I’ll be on CBC Radio across the country this week (squee!) talking about the year’s best cookbooks. Everyone eats and so almost everyone is interested in food (right?). It doesn’t matter if you’re a seasoned expert or someone who just wants to lie in bed and read a cookbook, there’s a book that’s just right.
It’s wonderful to see so many new baking cookbooks now after it seemed like years when everyone was focused on savoury cooking. While cooking can feel like something we have to do, baking is more fun.
- Daphna Rabinovitch, The Baker in Me (Canadian). The introduction alone is a masterclass in home baking, and the recipes are mouthwatering and foolproof. Daphna was the director of the Canadian Living Test Kitchen and is (as she calls herself) a born baker. My fave: Caramelita Bars, a heady pan of caramel, oats, walnuts and chocolate.
- Dorie Greenspan, Dorie’s Cookies. Not just a collection of over 300 cookie recipes, but a collection of the world’s best cookie-baker’s tips, tricks and hacks. The cover recipe, World Peace Cookies, is one of the internet’s most-searched recipes.
- Alyson Bobbitt and Sarah Bell, Bobbette & Belle: Classic Recipes from the Celebrated Pastry Shop (Canadian). Recipes from the celebrated Toronto pastry shop. Beautiful pictures and diverse recipes for everything from peach cobbler to macarons.
Hot/ On-Trend/ Wild and Weird:
For the cook who already has everything – or the one who never goes into the kitchen but loves to read cookbooks—there are some fun titles this year.
- Anthony Bourdain, Appetites: A Cookbook. Bold and weird, just like its creator.
- Andrew Tarlow and Anna Dunn, Dinner at the Long Table. As much a book about creativity and inspiration as it is about its 17 family-style entertaining menus.
- Naomi Duguid, Taste of Persia: A Cook’s Travels Through Armenia, Azerbaijan, Georgia, Iran, and Kurdistan (Canadian). Recipes and travel tales from the entire region, all created by one of the world’s best travel food writers, and Canadian!
- Joel MacCharles and Dana Harrison, Batch: Over 200 Recipes, Tips and Techniques for a Well Preserved Kitchen (Canadian) A comprehensive bible of seven different ways of preserving food, from dehydrating to canning, as well as recipes to use your preserves (ex. Blueberry-Maple Jam that’s then used in BBQ salmon with blueberry ginger sauce)
Families/ Busy Cooks:
- Kelly Kwok, The Asian Slow Cooker: Exotic Favorites for Your Crockpot (Canadian) Teriyaki chicken with soba? Thai Pumpkin Soup? Spicy Char Sui Chicken Thighs?!!! Sign. Me. Up.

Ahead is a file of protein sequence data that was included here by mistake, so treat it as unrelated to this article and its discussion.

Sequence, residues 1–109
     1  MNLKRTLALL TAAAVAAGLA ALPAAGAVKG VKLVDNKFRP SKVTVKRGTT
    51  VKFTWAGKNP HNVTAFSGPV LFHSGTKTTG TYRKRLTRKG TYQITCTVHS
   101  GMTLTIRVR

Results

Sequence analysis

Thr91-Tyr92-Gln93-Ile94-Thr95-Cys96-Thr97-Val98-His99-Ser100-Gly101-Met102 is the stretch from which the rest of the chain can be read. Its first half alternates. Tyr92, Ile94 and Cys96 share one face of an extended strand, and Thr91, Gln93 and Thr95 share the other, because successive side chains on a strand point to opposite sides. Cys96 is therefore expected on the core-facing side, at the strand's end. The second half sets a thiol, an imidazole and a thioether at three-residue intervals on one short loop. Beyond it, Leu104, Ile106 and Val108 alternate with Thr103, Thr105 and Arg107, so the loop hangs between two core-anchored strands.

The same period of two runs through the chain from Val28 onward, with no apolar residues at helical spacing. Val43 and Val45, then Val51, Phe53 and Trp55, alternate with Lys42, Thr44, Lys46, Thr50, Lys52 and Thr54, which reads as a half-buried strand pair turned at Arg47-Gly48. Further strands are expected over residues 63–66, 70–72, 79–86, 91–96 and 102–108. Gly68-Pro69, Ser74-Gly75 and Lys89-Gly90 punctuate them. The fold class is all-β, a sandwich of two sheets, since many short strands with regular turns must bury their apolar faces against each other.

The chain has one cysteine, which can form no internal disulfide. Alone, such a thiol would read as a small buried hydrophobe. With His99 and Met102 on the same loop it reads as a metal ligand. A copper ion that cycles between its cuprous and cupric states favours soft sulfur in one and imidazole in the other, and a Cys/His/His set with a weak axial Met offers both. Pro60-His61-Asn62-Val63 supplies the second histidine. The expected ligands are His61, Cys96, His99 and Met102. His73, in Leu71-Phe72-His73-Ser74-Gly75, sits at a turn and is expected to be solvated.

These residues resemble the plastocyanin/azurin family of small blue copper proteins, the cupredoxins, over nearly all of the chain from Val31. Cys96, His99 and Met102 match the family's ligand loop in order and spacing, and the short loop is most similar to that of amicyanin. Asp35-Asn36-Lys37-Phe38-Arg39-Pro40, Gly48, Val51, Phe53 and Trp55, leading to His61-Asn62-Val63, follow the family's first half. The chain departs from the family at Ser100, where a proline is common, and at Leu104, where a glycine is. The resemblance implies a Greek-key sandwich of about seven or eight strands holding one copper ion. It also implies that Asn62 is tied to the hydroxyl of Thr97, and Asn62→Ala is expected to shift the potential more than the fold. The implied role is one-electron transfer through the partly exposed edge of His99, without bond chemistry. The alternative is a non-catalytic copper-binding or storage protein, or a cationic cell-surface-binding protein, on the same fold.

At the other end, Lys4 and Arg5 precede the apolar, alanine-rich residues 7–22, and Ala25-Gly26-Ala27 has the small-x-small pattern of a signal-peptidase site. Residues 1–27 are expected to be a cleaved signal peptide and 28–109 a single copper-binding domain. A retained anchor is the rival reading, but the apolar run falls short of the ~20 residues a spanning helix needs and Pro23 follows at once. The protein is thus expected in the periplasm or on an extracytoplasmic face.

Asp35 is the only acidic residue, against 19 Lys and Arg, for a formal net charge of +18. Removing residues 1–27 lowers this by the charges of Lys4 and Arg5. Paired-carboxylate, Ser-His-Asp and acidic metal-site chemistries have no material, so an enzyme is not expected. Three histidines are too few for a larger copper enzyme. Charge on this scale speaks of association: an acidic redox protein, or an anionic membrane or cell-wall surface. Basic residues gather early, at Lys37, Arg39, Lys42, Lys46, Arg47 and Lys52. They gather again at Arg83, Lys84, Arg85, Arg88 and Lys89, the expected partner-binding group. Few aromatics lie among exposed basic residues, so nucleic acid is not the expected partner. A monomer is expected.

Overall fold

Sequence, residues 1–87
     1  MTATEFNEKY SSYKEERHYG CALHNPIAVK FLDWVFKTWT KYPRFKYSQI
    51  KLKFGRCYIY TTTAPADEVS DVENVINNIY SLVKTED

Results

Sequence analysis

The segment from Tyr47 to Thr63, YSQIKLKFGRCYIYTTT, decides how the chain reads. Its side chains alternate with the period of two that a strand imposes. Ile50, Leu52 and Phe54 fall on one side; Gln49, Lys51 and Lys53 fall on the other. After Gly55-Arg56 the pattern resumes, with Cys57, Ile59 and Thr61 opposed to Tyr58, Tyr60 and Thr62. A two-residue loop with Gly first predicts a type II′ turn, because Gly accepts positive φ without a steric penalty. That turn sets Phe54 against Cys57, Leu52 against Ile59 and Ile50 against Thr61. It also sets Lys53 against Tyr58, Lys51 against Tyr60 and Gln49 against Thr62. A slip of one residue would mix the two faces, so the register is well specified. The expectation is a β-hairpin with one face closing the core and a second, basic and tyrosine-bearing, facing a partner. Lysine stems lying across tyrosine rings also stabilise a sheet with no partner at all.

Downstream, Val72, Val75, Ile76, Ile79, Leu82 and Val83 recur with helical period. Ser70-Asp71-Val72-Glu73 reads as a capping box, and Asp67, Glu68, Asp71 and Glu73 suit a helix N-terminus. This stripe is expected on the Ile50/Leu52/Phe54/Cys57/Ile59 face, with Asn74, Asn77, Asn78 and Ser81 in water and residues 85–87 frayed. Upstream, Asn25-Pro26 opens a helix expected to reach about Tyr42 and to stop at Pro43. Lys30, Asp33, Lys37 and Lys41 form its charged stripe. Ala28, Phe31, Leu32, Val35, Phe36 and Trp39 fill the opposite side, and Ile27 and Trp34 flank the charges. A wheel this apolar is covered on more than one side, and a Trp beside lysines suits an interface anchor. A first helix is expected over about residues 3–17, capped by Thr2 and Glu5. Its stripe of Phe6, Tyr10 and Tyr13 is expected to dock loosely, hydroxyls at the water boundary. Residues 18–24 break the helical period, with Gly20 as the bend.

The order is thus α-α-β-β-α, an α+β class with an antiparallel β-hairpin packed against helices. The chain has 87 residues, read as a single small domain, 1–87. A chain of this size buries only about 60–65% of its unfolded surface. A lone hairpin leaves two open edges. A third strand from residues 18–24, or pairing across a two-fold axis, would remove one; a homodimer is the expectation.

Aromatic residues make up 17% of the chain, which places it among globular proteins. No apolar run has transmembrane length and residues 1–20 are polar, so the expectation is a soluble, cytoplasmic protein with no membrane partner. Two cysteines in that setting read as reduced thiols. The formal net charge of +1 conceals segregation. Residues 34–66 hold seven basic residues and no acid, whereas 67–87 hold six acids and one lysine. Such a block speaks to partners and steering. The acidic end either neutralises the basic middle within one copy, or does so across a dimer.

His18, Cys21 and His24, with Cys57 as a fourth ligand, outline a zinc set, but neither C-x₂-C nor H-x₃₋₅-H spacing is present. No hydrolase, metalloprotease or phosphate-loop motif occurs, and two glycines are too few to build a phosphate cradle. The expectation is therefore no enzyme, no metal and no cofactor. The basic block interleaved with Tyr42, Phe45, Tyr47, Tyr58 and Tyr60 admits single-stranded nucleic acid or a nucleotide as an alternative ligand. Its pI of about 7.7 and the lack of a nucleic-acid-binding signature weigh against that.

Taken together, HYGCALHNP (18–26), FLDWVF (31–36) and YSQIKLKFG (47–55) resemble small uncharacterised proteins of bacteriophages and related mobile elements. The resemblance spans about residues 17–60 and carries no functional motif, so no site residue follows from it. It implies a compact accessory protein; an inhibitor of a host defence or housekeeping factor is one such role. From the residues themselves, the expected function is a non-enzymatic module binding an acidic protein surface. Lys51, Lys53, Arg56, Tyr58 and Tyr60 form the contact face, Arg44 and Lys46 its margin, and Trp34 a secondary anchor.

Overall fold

- Amanda Hesser & Merrell Stubbs, Food52 A New Way to Dinner: A Playbook of Recipes and Strategies for the Week Ahead. From the creators of massively popular website Food 52, a plan for getting meals halfway prepped on the weekend so weeknights are easier, including grocery lists!
- Ricardo Larivee, Slower is Better: From a Taco Fiesta to Chocolate Pudding Cakes (Canadian)
- Julia Turshen, Small Victories: Recipes, Advice + Hundreds of Ideas for Home Cooking Triumphs. Tons of recipes, spin-offs and ideas for starting or expanding your repertoire.
- Ina Garten, Cooking for Jeffrey: A Barefoot Contessa Cookbook. Inimitable Ina. Oh how I love her.
- Naomi Pomeroy, Taste & Technique: Recipes to Elevate Your Home Cooking. Perfect mix of classic culinary skills with everyday easy home cooking.
- Jeanine Donofrio, The Love and Lemons Cookbook: An Apple to Zucchini Celebration of Impromptu Cooking. A vegetarian book organized by vegetables, so you can cook according to what’s fresh at the shops and markets. Lots of advice on how to make recipes gluten- and dairy-free as well as vegan.
- Isa Chandra Moskowitz, The Superfun Times Vegan Holiday Cookbook: Entertaining for Absolutely Every Occasion.
- Oh She Glows Everyday, Angela Liddon, Oh She Glows Every Day: Quick and Simply Satisfying Plant-Based Recipes (Canadian).
- Jamie Oliver, Jamie Oliver’s Christmas Cookbook.
- Alex Prud’homme, The French Chef in America: Julia Child’s Second Act
Disclosure: This post contains affiliate links meaning that if you click over and buy something, we receive a tiny commission (at no extra charge to you) which helps keep the lights on in Claire Tansey’s Kitchen. We never link out to something we wouldn’t recommend. Thank you!